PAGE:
Nine Waltzes


I first thought of writing a set of waltzes for the Guild trio after rehearing Brahms’ lovely set of Waltzes for the piano, op. 39.   My set begins with an unabashed homage to Brahms,  but the movements that follow explore many of the other stylistic guises and expressive meanings the waltz has assumed over the past 150 years. 

Waltz II is a postmodern “deconstruction” of the basic oom-pah-pah beat, with nervous interjections that turn out to be deranged quotations from a well-known 19th-century waltz.   Waltz III is an atonal bagatelle in which the gestures of the waltz are rarified to a point where they  can hardly be detected.   In Waltz IV the interval of a third -- an interval that is important throughout the set -- generates intense, augmented harmonies.   Waltz V features the cello in a brooding, introspective solo, gently shadowed in canon by the violin.  Waltz VI, a slowly unfolding melody embellished with virtuoso figuration, serves as an extended introduction to Waltz VII.  This waltz is, in a way, another homage to Brahms, with its combination of contrapuntal rigor -- it is a double retrograde-inversion canon -- and heartfelt romanticism.   Waltz VIII is the only truly nostalgic piece in the set;  it should sound like the distant memory of a music box heard in childhood.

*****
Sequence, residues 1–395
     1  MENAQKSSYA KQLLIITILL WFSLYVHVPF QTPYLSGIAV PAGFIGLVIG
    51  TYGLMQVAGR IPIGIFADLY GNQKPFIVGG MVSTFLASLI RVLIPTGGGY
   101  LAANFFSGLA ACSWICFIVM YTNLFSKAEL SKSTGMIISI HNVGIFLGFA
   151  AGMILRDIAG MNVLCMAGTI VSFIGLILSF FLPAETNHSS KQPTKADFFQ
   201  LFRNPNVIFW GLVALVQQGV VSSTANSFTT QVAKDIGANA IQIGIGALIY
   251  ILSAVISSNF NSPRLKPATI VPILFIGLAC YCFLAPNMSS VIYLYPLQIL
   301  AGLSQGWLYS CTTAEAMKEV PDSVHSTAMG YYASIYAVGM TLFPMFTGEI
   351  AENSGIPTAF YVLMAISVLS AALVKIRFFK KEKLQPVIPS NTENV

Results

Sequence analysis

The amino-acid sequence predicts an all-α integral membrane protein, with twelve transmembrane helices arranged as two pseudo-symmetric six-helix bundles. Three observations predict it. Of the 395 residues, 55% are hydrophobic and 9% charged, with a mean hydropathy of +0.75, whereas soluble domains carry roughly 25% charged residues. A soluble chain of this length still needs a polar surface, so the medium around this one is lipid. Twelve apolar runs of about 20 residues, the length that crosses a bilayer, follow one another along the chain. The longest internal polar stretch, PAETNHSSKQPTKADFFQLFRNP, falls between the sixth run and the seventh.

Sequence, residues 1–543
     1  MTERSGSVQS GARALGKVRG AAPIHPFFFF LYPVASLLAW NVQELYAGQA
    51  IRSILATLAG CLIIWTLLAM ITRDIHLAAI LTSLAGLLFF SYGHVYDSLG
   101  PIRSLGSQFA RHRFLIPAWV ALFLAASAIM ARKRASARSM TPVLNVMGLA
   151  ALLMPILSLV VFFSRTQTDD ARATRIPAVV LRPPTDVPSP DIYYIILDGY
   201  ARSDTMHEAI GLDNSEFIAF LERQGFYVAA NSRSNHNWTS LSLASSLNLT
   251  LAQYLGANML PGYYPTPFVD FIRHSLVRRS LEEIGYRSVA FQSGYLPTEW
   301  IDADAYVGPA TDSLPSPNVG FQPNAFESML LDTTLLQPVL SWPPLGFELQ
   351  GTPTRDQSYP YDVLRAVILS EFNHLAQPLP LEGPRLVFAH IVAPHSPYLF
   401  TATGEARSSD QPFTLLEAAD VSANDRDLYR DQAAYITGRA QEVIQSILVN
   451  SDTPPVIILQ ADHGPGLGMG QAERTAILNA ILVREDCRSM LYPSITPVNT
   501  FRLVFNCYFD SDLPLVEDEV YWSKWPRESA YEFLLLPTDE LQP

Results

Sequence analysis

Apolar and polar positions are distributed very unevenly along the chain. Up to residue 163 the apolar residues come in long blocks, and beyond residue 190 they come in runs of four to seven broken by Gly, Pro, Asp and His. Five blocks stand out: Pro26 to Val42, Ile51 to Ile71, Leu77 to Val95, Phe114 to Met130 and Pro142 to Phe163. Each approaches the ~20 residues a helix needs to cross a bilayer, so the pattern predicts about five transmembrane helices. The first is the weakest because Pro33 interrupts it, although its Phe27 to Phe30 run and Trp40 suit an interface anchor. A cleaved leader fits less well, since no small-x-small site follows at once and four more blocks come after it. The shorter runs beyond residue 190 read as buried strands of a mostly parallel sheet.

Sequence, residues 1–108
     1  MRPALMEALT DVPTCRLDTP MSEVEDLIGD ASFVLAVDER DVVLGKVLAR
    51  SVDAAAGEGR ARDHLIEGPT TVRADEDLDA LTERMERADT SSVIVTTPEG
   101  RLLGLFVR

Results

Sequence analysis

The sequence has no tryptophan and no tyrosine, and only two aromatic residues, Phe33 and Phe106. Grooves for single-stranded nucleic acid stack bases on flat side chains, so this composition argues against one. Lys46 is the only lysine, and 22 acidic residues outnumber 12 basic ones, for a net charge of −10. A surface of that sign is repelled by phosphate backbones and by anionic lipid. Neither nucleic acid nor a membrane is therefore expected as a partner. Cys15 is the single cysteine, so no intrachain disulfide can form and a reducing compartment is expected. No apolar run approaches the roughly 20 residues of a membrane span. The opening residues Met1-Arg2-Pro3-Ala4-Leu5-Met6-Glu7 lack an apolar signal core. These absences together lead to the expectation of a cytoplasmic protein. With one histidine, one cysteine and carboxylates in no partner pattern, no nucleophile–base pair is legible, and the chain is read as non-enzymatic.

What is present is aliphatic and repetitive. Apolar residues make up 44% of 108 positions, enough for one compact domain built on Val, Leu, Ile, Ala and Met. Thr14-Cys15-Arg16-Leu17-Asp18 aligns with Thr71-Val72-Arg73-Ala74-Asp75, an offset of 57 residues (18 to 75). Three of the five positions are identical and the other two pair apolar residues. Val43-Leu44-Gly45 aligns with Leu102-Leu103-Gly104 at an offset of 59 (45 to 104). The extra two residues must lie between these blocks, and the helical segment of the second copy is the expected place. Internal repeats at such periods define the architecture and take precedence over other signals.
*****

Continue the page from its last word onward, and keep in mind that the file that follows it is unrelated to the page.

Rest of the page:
The final waltz, which begins with an image of butterflies in a late-summer garden, ends by drawing together ideas from all of the earlier waltzes in the set.

These waltzes were commissioned by the Guild Trio -- Janet Orenstein, Brooks Whitehouse, and Patricia Tao.  They premiered the work at Stony Brook University on April 19, 1997.   A New York premiere followed at the Danny and Sylvia Kaye Playhouse on June 8, 1997.  The performance heard here was recorded at Stony Brook University in 1998 by Ann-Marie Hoffman, violin, Sally Singer, cello, and Molly Morkowski, piano.


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Nine Waltzes
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